colonies. Bight Hon. Lewis llarcourt, !0f his suet-ceding Ixnd Strathcona as desire fcr closer co-operation be-
in reply to his message cf condolence |Canadian  high commissioner at  Lou-  tween the  boards of trade along the
don.    It is stated that quite recently
Mr. Beck received a letter from Lord
Strathcona in whV'li he expressed the
wish  that he  might   be  followed    by
Ontario's power minister.
to the Canadian people
"Please accept expression of very
deep sympathy fronv the Duchess of
Connaught and myself. Lord Strath
cotia's lofty ideals, his splendid
patriotism as well as his distinguished
services as high commissioner bave
long been a source of pride and stimu-
wlll bo Lendered tho position of night   lUS  to  his    native    country.    Anion-
Make Two Arrcs'.s.
Sydney, N. S., Jan. 21.���Two arrests
have b en made at New Waterford In
Fraser, Mr. Darling was asked to report on th? possibility of securing a;
mooting of representatives of ruc.1i
boards of trade with the Idea of working togetUcr on matters of general Interest.
Council Committee.
The city  council will be asked    t"i
appoint   a  standing    industrial    rem*
superintendent,   Mlsi
nrosent  chief  of  tho
Seadding.     the   Lord   Strathcona's  many  great quail-1 conn:>clion with the mysterious death imlttee  to   work   in  conjunction   with
night  staff, tak- \ ties  bis  truly  magnificent generosity ��� of  Jack   McDonald,   who   was    found | the Industrial  commissioner In  lorat-
inr over Miss Soaddlng's position.
The total number of patients admitted during the month of December was ot, while 99 were discharged.
Total number of hospital days 1648.
was   probably  the  most    outstanding dead   there  after  several  weeks'   dis-  lug Industries on city property
and  his memory will    ever    be kept appearance.    The met.    arrested    are
green  in the  Dominion as the genor-  Angus and William McKenzie, who, it
OUE man of Canada. ils alleged, were with the deceased on
iSlgnrd) "ARTHUR."      the night of his disappearance.
I
Arrangements were made for work,
���n connection with collecting "jut-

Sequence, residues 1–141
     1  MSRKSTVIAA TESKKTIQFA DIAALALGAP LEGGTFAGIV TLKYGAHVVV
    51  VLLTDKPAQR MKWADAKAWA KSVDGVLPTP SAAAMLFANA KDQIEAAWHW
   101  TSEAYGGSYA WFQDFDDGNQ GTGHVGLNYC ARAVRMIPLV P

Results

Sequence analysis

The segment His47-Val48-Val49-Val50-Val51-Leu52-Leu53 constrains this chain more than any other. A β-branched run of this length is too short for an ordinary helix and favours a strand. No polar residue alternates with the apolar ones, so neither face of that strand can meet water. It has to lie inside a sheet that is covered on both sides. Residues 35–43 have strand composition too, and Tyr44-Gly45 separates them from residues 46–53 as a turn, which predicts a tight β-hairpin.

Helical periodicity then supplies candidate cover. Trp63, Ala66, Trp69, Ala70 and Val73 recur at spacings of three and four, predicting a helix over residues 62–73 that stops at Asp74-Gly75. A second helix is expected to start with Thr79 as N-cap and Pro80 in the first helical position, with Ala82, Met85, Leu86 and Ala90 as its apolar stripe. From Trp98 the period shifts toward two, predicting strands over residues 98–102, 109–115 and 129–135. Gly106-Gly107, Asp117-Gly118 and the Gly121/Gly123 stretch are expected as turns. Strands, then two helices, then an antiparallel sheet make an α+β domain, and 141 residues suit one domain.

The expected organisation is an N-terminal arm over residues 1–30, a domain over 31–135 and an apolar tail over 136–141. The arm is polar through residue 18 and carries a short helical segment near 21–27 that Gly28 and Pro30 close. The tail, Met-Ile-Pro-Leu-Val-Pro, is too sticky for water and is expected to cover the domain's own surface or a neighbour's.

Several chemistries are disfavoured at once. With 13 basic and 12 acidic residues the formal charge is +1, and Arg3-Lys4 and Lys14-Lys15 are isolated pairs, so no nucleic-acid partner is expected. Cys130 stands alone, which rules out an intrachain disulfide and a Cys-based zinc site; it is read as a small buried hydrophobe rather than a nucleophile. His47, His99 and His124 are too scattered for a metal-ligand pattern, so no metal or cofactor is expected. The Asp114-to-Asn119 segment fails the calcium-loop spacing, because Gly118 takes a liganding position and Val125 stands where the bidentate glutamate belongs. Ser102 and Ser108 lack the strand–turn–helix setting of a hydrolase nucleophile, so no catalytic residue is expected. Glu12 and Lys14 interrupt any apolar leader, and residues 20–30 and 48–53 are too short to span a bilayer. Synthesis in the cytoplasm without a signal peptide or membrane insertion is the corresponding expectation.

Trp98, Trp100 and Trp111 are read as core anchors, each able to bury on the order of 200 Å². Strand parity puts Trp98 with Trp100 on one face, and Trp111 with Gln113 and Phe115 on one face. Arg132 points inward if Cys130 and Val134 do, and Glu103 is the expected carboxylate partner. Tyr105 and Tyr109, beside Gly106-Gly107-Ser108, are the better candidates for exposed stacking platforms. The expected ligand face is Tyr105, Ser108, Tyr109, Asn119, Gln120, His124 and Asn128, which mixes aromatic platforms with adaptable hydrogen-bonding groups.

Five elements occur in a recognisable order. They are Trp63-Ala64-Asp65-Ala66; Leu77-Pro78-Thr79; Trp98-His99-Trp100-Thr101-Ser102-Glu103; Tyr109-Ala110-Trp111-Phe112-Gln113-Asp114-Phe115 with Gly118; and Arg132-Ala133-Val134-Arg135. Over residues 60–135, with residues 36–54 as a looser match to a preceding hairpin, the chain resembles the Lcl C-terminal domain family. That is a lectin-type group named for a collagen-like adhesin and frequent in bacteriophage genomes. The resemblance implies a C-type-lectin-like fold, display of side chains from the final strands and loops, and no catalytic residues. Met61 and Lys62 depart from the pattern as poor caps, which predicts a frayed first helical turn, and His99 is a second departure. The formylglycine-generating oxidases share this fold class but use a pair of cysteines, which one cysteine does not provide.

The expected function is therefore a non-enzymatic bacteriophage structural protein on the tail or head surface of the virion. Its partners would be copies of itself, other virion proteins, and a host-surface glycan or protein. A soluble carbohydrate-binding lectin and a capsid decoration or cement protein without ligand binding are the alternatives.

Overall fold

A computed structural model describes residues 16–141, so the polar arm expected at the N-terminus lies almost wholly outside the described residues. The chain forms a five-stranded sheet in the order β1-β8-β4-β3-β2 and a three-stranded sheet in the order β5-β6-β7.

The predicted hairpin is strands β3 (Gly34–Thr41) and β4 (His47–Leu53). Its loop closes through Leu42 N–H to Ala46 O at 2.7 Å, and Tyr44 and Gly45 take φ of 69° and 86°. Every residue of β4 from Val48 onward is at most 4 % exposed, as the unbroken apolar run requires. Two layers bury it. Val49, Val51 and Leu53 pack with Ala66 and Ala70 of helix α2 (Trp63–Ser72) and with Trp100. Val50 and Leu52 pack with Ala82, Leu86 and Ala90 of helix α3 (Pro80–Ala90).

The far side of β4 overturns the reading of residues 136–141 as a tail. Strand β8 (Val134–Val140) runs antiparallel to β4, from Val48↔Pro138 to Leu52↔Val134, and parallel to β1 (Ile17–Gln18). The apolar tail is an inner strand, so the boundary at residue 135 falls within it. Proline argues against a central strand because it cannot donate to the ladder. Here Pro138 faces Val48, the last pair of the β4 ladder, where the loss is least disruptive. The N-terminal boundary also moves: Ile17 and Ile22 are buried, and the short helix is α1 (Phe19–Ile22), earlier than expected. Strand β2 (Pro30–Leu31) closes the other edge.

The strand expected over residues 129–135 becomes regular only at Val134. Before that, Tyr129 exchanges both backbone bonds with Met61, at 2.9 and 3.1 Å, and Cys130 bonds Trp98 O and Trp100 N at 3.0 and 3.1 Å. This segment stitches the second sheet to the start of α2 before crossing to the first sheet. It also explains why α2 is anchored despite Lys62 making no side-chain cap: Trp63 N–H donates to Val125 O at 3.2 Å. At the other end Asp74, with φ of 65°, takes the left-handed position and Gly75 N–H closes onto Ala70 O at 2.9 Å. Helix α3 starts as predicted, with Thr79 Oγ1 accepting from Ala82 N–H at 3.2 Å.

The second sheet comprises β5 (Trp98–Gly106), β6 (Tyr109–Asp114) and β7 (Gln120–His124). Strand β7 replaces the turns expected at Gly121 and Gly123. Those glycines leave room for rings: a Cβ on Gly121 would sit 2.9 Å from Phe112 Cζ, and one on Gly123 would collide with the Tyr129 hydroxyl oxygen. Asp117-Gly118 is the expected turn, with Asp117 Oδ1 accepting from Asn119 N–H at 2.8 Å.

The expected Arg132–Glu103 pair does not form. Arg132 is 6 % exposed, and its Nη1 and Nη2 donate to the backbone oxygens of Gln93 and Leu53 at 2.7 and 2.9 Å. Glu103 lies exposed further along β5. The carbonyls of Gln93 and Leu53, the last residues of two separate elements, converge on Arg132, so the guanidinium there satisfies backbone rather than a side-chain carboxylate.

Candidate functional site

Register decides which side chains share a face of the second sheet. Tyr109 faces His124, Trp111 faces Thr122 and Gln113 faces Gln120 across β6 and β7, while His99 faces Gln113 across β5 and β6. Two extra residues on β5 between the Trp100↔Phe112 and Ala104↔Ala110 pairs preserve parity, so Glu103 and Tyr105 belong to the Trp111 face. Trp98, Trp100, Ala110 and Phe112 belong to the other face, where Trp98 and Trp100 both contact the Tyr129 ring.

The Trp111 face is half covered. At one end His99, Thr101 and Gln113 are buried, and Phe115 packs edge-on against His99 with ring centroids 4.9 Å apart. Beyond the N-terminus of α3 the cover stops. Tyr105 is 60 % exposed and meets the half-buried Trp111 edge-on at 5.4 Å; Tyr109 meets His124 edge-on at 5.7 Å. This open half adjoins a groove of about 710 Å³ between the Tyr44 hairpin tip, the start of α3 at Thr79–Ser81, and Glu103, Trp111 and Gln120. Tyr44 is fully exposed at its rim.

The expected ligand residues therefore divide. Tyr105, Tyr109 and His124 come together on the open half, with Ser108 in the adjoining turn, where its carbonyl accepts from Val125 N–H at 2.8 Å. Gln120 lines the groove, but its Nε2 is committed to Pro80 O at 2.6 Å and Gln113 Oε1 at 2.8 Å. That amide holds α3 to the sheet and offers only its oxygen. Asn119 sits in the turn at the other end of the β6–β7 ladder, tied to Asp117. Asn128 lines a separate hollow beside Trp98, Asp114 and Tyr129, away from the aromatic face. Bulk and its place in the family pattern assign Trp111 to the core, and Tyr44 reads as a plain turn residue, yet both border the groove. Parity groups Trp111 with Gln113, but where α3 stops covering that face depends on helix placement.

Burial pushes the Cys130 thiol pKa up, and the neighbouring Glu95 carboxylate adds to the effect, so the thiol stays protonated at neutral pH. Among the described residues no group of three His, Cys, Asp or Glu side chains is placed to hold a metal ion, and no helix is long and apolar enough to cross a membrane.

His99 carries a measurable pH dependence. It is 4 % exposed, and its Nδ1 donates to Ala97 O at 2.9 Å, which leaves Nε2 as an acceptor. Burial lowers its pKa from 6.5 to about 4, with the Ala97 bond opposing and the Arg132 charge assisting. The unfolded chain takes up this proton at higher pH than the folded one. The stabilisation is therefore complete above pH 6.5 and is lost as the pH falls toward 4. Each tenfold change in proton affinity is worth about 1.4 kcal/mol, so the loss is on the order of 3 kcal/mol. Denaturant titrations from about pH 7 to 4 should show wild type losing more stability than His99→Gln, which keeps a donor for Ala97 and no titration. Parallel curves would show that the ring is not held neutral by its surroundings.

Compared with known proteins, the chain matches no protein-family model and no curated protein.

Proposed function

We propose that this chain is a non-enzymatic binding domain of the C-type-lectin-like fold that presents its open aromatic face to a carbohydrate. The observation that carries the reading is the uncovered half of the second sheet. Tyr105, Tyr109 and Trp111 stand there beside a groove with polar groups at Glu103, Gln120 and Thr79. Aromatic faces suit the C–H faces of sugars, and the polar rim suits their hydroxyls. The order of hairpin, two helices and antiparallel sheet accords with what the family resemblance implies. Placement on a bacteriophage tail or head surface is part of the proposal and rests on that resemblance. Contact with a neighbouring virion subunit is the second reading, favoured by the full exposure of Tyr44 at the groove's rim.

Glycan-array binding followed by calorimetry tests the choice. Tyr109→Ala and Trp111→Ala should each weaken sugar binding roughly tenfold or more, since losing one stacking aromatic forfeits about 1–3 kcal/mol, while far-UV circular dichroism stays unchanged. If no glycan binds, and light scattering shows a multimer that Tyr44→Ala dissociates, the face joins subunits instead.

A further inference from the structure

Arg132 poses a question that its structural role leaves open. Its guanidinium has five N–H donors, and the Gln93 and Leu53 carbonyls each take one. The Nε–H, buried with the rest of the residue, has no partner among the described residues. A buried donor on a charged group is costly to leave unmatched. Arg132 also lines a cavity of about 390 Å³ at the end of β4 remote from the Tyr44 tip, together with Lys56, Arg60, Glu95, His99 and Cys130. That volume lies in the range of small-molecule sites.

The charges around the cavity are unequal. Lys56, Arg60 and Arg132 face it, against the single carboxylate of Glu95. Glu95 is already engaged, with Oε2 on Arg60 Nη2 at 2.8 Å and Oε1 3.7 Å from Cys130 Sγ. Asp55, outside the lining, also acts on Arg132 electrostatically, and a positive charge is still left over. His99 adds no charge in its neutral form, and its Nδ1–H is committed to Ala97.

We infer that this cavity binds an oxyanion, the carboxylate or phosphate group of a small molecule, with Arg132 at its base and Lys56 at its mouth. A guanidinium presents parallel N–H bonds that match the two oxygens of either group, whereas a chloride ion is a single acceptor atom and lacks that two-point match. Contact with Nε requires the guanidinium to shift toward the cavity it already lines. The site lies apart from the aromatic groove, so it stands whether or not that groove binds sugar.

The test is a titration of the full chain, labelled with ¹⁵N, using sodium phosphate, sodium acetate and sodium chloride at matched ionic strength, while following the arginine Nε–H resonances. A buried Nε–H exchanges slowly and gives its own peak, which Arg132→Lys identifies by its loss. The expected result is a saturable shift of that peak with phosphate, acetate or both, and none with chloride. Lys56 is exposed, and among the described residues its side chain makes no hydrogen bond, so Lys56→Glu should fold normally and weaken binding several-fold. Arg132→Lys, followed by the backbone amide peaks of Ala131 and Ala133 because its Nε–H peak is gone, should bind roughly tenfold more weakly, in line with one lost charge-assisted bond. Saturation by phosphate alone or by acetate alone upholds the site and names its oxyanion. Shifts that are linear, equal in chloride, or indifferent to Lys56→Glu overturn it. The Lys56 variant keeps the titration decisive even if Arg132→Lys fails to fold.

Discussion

standlng subscriptions and m.r.iber-
shlp fees. PAGE TWO
THE NEW WESTMINSTER NEWS.
THURSDAY, JANUARY 22, 1914.
An Independent morning paper devoted to the Interests uf x> w Westminster and!
the Fraser Valley.   Published every morning except Sunday by ilu- National Printing
nml Publishing Company, Limit* .1,  it 68 McKenzie Street, New Westminster, Hrltish
Columbia. ROBB SUTHERLAND, Managing Director.
am communications should be addressed tn The New Westmlnsti r NewB, ami not !
to individual menxbera "f tin* staff. Cheques, drafts, ami mom y orders should in- made I
payable to Tbe National Printing ami Publishing Company, Limited.
TELEPHONES���Business Office .md Manager, 898; Edltorlul Rooms (.ill departments), ssi.
SUBSCRIPTION RATES���By carrier, ft per year, ?l lev thi"* months, 40o per
month, l(v mail. $:i per year, 25c per month.
ai>v>:U'|'|sini;  RATES on application.
THURSDAY MORNING,  JANUARY   22.   1914.
A GOOD FRIEND (iONE. j
i
Wilh the passing of Lord Strathcona Canada has lost
one of the best friends, if not the best, she ever had ut court
and at this time, grieving over his death, the Dominion is
realizing his immense worth and the great bereavement it
has sustained.
Ripe in years and experience, but with his rugged
Scotch vigor as keen as when he governed the boisterous
voyageurs of the Hudson's Day company, Lord Strathcona
brought to the office of high commissioner for Canada
qualities the equal of which it will be extremely hard to
duplicate in naming a successor. As a champion of this
great country he stood without a peer; as a valuable advisor in its relations with the motherland he was unsurpassed ; as a friend of Canada and her institutions he was
loyal to the core.
Lord Strathcona lived to attain an age far past the allotted three score and ten years and for that long life he
had to thank his clean mode of existence and his indomitable will.
As a representative of the greatest of the overseas
dominions he did honor to the position he held and for
years this countrv and the old land will mourn the loss of
the simple minded, keen visaged pioneer who has so closely
linked his name with the growth of the British empire during this period.
that these must be a minimum number of the members of the crew competent to handle boats and rafts and
these men must hold a certificate of
competency issued under government
authority,
Dangsrour   Cargoes.
The carriage cf dangerous goods is
forbidden and each administration is to
issue warnings as to what goods aro
dangerous.
For delecting fire an organized system of patrols Is called for and the
regulations require adequate provision for extinguishing fire and for the
organization of crews for fire and boat
drills.
Tho ships of contracting states complying with the requirements of the
convention shall bo furnished with
certificates which shall be accepted by
all states as having the .same value
as certificates issued by them to their
own ships and constituting prima facia
evidence of compliance with the convention.
Laws and Regulations.
Provision also is made for the Interchange between governments of
laws and regulations relating to safety
of life at sea and for the imposition
by each government of penalties in
ease of neglest to comply with the
provisions oi the convention.
Oilier countries may come into the
convention up to .Ian. ill���it unes
Into force on .Inly 1. 1915, after raiifi-
.-.itiin by the different governments.
United States Senate:' ,1. Hamilton